Linda Yarger is a senior librarian in The Learning Center and has worked at MD Anderson 16 years.
At one time cancer was a dark cloud hanging over my future. Now, my past is what gives me motivation to fight cancer however I can.
From the time I was a teenager, cancer has been part of my life. My mom developed ovarian cancer then, and she died in 1961 at the end of my freshman year in college.
Back then, cancer was not talked about as freely as it is now. For a long time my sister and I did not know why my mom was sick. My Aunt Helen had breast cancer at the same time, in both breasts. When her cancer spread to the bone, we were told she had very bad arthritis. Eventually, we learned that both my mom and my aunt had cancer.
I always wondered if I would get cancer, too. Was there anything I could do to prevent cancer? Whenever possible, I tried to live a healthy lifestyle. When I gardened, I gardened organically. I also avoided using chemicals for housekeeping or insect control.
In spite of my precautions, I was diagnosed with breast cancer at age 46.
My response was to dig in and learn as much as I could about treatment and the genetics of ovarian and breast cancer. Before being diagnosed with cancer, I had worked as both a public and school librarian. After my treatment ended, I wanted to be involved with medical librarianship, so I volunteered at MD Anderson's Research Medical Library.
Personable and professional journeys merge
After a while, my personal journey and my professional journey became intertwined. I became a librarian for The Learning Center, first working in the Main Building and then in the Mays Clinic.
I purchased books on a wide variety of cancer and health topics. Often, I was so interested in what I purchased that I would read the books, especially the ones on ovarian and breast cancer.
I was "walking the other side of the street" also: I was continuing to have appointments at MD Anderson as a high-risk patient. Because of my family cancer history, I had regular tests for ovarian and breast cancer.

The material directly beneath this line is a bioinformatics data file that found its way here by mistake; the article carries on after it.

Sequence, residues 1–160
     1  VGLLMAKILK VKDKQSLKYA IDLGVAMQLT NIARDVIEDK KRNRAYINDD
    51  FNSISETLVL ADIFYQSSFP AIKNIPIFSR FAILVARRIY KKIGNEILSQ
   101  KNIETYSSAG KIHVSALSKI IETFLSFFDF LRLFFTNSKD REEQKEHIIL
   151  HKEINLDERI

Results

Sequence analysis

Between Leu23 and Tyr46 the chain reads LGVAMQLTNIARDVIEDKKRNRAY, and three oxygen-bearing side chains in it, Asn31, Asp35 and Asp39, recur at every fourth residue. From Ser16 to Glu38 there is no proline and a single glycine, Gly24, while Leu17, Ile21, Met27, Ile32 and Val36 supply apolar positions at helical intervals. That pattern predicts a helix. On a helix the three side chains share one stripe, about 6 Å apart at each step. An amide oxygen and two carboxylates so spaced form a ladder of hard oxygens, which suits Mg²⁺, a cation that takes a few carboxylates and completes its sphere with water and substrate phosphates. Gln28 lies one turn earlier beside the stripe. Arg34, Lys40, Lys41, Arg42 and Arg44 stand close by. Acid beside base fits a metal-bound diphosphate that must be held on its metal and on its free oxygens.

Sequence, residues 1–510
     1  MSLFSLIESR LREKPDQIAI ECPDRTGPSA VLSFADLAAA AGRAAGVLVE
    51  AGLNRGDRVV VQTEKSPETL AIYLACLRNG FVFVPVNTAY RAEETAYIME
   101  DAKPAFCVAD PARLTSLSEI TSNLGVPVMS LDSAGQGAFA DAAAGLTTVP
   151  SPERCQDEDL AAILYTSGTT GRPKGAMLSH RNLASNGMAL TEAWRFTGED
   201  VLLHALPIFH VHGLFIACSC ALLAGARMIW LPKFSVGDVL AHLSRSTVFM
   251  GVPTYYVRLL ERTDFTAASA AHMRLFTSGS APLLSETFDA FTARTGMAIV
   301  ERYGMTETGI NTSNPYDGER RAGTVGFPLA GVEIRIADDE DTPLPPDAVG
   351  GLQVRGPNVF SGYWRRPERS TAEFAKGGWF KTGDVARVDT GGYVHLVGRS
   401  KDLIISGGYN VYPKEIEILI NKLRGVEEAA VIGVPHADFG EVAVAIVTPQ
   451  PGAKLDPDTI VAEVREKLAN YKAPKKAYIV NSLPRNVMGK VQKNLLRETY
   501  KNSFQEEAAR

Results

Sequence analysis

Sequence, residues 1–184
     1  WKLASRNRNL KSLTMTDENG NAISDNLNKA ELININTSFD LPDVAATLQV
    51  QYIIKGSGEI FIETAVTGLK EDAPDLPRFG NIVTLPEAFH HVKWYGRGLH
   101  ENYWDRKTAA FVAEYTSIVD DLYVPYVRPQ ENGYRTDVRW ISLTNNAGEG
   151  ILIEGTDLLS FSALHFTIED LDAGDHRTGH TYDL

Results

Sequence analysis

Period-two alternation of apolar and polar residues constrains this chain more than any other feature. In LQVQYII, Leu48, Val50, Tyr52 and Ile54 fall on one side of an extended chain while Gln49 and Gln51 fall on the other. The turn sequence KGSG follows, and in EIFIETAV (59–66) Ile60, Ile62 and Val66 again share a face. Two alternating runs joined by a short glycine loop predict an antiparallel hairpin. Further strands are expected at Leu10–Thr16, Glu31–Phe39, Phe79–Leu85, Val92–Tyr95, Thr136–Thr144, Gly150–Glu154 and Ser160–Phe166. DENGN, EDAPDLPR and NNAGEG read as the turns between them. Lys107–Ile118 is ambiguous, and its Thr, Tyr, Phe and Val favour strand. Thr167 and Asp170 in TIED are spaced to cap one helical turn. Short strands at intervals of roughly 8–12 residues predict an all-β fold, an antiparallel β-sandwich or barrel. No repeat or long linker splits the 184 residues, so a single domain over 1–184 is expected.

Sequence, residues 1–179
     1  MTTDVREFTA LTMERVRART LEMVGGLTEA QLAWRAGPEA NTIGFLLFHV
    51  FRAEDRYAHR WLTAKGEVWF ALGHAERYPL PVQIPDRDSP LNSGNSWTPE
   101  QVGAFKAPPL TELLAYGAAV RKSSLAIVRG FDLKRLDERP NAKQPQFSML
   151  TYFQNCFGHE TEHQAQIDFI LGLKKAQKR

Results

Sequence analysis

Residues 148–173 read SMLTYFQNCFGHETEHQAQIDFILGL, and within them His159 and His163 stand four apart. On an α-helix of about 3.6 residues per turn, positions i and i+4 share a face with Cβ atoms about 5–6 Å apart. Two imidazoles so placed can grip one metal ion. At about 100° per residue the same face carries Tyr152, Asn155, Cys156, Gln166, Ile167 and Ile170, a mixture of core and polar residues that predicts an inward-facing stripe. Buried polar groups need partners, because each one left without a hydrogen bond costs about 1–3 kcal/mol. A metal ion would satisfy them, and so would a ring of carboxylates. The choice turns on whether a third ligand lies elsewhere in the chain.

Eventually, I was tested for BRCA1/2. Last spring, on the advice of my oncologist, I had my ovaries removed (an oophorectomy) as a preventive measure.
Rewards of my profession
As a librarian and patient educator, I enjoy interacting with patients and providing them with materials to help them understand their cancer better. My job has enabled me to give my dark cancer heritage a positive twist.
Fighting cancer can be uplifting and can build camaraderie. I like that MD Anderson has a quilt auction every two years to support gynecological cancer research. I've volunteered as a "quilt sitter," and I've purchased quilts as gifts. I find it deeply rewarding to give a present that benefits research.
I'm also proud that MD Anderson hosts the "Sprint for Life" each spring. This race/walk benefits ovarian cancer research.
Ovarian Cancer Awareness Month
September is Ovarian Cancer Awareness Month, and I believe that all women should be aware of the signs and symptoms of ovarian cancer. Women with a family history of ovarian cancer or breast cancer may want to learn if there is anything they can do to prevent these diseases.
If you think you have a genetic disposition toward breast or ovarian cancer, I recommend the following resources. (You can check out the books at The Learning Center in the Mays Clinic.)
"Previvors: Facing the Breast Cancer Gene and Making Life-Changing Decisions" by Dina Roth Port
"Positive Results: Making the Best Decisions When You're at High Risk for Breast or Ovarian Cancer" by Joi Morris and Ora Gordon
As a librarian and patient educator, I enjoy interacting with patients
and providing them with materials to help them understand their cancer
better. My job has enabled me to give my dark cancer heritage a positive twist.